One last early wake up call, pack my bag, head to the lift, receive electric shock, enter the lift, go to breakfast, drink coffee and contemplate the wiseness of having a hangover when I’ll be exiting North Korea’s notorious customs. Halfway through breakfast we are informed that the train to the border, which should have arrived the proceeding day, still hasn’t arrived (implying that people have been stuck on that train for at least 18 hours compared to our 14). This means there is no train for us to take and that instead we will have to drive from Pyongyang to Sinuiju. Initially worry came over us as we were all scheduled on various trains leaving Dandong that evening but we were informed that the drive should only take around 2-3 hours compared to the trains scheduled 4.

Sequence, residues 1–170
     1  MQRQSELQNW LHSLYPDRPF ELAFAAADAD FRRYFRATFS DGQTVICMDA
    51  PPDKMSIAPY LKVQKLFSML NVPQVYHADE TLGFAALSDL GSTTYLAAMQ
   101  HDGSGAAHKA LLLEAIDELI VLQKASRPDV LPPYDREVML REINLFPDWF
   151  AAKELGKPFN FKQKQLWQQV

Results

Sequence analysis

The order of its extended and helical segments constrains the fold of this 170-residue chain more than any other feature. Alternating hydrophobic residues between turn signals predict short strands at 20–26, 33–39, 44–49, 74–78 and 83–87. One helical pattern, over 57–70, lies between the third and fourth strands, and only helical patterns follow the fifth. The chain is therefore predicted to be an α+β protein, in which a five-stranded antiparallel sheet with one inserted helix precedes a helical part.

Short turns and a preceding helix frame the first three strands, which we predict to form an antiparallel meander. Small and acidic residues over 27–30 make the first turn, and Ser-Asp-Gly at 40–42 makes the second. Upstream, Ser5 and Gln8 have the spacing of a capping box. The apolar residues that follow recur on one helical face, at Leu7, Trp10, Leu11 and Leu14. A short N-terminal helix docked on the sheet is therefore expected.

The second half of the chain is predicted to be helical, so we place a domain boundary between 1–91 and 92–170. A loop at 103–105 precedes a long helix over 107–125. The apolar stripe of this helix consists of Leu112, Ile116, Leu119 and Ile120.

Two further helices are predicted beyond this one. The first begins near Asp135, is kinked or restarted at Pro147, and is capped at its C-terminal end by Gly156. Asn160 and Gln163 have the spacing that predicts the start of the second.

I stocked up on a few things from the hotel shop before we loaded into the the van for the long drive to the border. A member of the group who was flicking through the North Korean section of the Korea Lonely Planet pointed out that there is no highway to the border (see below, highways are marked red, the border crossing is in the top left corner of the country). At this point we weren’t exactly sure what this meant.

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